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Private cloud offers a stepping stone into cloud UC for enterprises

Enterprises interested in cloud UC are adopting a single-tenant, cloud-based UC model rather than multi-tenant UCaaS.

More enterprises are considering a cloud-based approach to unified communications, but their definition of cloud is a little hazy.

Cloud-based unified communications (UC) historically has been an attractive option for small-to-midsize businesses (SMBs). SMBs appreciate the pay-as-you-go pricing model and the benefits of offloading UC management from small or nonexistent IT teams. These businesses do not face the same security or regulatory requirements of some enterprises, so multi-tenant cloud-based UC is a viable option.

While cloud UC adoption numbers are still higher for SMBs, larger deployments are going to start happening more often, said Nemertes Research Group analyst Irwin Lazar. The majority of enterprises are interested in dedicated or single-instance offerings, such as Cisco's Hosted Collaboration Solution, or a hybrid cloud approach in which cloud UC is deployed only within their branch offices.

Enterprises evaluating and moving UC into the cloud have a different set of requirements than SMBs. They require more customization and control over upgrades than their smaller counterparts. This can be achieved through single-instance cloud-based UC that is hosted by a third party, typically a partner or service provider an enterprise may already be using, like BT or Verizon. Another option is a private cloud approach, a strategy in which enterprises keep their UC on virtual servers within their own data center, Lazar said.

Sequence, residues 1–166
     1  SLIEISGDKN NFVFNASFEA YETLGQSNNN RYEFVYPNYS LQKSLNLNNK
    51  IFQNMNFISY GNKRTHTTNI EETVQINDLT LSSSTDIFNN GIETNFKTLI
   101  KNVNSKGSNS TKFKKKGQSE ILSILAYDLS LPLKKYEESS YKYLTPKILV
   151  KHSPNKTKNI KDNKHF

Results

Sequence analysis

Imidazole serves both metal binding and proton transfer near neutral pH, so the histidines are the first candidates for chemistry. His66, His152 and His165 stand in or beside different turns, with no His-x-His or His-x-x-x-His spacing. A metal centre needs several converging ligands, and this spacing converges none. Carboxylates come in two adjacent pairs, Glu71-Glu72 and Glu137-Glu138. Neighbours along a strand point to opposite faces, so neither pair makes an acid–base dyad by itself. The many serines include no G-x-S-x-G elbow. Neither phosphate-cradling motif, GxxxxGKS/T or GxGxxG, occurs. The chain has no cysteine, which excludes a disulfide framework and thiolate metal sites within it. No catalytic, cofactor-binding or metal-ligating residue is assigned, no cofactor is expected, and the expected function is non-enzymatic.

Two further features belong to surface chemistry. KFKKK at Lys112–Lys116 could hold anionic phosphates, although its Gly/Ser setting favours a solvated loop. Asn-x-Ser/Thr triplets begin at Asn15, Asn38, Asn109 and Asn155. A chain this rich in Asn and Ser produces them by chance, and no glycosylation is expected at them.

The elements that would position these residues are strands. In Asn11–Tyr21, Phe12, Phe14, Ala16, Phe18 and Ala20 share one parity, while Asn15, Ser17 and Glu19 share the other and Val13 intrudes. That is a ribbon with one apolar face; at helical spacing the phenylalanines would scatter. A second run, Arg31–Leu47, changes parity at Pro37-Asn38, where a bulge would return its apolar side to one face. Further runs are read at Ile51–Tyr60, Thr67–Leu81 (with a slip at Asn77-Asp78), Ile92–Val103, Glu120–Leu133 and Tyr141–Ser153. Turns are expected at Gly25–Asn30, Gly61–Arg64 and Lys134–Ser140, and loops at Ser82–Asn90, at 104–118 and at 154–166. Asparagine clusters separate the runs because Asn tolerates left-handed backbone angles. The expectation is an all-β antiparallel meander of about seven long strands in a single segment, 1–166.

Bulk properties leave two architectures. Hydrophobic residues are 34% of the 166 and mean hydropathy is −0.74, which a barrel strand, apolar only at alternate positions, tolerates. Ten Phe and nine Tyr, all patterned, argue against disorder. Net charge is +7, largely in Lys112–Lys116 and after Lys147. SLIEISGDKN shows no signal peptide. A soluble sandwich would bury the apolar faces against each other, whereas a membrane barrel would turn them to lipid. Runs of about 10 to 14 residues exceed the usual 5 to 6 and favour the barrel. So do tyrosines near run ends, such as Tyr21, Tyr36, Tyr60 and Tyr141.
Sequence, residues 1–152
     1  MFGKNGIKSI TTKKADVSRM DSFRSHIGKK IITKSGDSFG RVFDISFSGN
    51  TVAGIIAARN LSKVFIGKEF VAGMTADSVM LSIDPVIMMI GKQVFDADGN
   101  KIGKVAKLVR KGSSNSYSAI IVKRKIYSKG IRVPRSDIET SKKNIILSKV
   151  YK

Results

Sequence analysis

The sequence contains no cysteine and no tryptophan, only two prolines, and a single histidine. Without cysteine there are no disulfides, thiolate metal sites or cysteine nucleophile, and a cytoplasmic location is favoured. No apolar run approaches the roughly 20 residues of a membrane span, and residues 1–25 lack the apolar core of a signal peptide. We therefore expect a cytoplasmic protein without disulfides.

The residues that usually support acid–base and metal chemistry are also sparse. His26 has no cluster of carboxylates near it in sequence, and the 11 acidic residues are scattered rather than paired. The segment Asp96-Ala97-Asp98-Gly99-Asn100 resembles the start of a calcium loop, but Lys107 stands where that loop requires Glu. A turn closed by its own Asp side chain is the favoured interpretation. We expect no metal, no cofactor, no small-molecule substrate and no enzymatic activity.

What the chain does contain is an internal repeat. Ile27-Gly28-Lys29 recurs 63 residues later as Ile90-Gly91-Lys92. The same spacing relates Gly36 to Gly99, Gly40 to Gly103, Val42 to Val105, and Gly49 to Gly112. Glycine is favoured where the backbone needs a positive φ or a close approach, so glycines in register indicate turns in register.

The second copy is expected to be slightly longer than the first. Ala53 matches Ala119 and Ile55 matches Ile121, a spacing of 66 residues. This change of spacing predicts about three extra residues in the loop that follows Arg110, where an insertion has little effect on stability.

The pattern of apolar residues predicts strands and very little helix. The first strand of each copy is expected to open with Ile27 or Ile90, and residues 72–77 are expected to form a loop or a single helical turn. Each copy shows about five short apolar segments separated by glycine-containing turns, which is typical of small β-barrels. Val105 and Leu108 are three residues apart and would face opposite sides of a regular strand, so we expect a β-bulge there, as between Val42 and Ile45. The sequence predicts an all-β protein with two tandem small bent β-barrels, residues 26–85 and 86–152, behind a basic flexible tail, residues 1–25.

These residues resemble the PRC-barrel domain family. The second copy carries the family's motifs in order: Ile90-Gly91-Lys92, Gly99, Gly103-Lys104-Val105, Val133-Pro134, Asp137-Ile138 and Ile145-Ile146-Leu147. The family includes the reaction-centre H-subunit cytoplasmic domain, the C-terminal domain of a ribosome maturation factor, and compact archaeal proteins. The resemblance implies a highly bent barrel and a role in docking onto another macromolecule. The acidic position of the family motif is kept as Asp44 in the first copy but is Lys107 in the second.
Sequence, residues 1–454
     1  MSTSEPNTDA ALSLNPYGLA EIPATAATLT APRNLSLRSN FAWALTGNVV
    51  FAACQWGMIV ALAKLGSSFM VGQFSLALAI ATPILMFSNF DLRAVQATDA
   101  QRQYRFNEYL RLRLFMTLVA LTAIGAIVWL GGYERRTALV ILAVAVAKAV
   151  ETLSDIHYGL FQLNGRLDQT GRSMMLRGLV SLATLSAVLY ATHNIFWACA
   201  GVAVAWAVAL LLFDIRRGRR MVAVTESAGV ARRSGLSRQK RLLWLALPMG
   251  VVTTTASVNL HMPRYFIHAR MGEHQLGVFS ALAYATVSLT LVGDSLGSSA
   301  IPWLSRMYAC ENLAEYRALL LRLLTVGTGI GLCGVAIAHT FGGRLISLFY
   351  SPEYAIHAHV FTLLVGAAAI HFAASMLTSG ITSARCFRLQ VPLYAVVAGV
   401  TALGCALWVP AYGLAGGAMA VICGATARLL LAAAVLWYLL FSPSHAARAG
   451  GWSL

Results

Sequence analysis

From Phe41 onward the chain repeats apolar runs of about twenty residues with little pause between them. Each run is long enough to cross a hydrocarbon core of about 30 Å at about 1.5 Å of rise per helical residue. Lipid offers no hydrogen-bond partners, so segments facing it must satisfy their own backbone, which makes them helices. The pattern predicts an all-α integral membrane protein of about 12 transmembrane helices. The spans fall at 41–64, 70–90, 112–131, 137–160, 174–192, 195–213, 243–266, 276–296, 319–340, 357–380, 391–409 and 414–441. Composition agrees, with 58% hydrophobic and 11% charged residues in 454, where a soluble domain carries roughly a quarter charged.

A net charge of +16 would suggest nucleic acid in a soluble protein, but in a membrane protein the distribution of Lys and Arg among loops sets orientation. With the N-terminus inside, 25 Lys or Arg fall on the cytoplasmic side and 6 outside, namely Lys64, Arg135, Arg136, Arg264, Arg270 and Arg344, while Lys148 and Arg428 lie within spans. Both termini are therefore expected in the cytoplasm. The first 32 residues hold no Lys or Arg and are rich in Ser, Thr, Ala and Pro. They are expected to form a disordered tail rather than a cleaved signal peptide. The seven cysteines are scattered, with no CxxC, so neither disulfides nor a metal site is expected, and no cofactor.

Global imaging company Fujifilm participated in a cloud UC case study panel at Enterprise Connect moderated by Blair Pleasant, president of consulting firm COMMfusion LLC. The enterprise, which has 60 locations in North America, discussed its hybrid cloud approach, a strategy that involves both hosted and dedicated UC.

In an effort to unite the company's disparate businesses in 2009, Fujifilm's internal communications systems had to be revamped, said the company's IT director, Allan Feeney. The legacy phone systems were replaced with Google Apps for collaboration and Cisco's VoIP services, tied together by Esna Technologies' UC federation service. Fujifilm has nearly 5,000 users on its communication system today, Feeney said.

"The [cloud UC trend] is going across all sizes, geographies and all types of verticals. I don't have a conversation with customers that doesn't involve cloud," COMMfusion's Pleasant said.

Moving enterprises into the cloud

Enterprises considering moving UC into the cloud, either to a dedicated environment or to a multi-tenant cloud infrastructure, should evaluate their UC needs. Some components -- telephony, for example -- may have to stay on-premises for some companies while other tools, like Web conferencing, can be moved to the cloud.

Research from Frost & Sullivan indicated that 43% of large companies were using the cloud for voice and unified messaging, compared to just 12% of smaller businesses. This may be explained by the fact that global enterprises need to connect a growing number of remote workers and branch offices, Frost & Sullivan analyst Elka Popova said.

For enterprises interested in the cloud, Lazar suggests starting with commodity IT applications, such as instant messaging, email and calendaring tools. In 2014, 55% of SMBs compared to 17% of enterprises were using cloud-based email and calendaring tools. An additional 17% of enterprises were considering moving their email/calendar platform to the cloud in 2015, according to Nemertes Research.

Let us know what you think about the story; email Gina Narcisi, senior news writer, and follow @GeeNarcisi on Twitter. 

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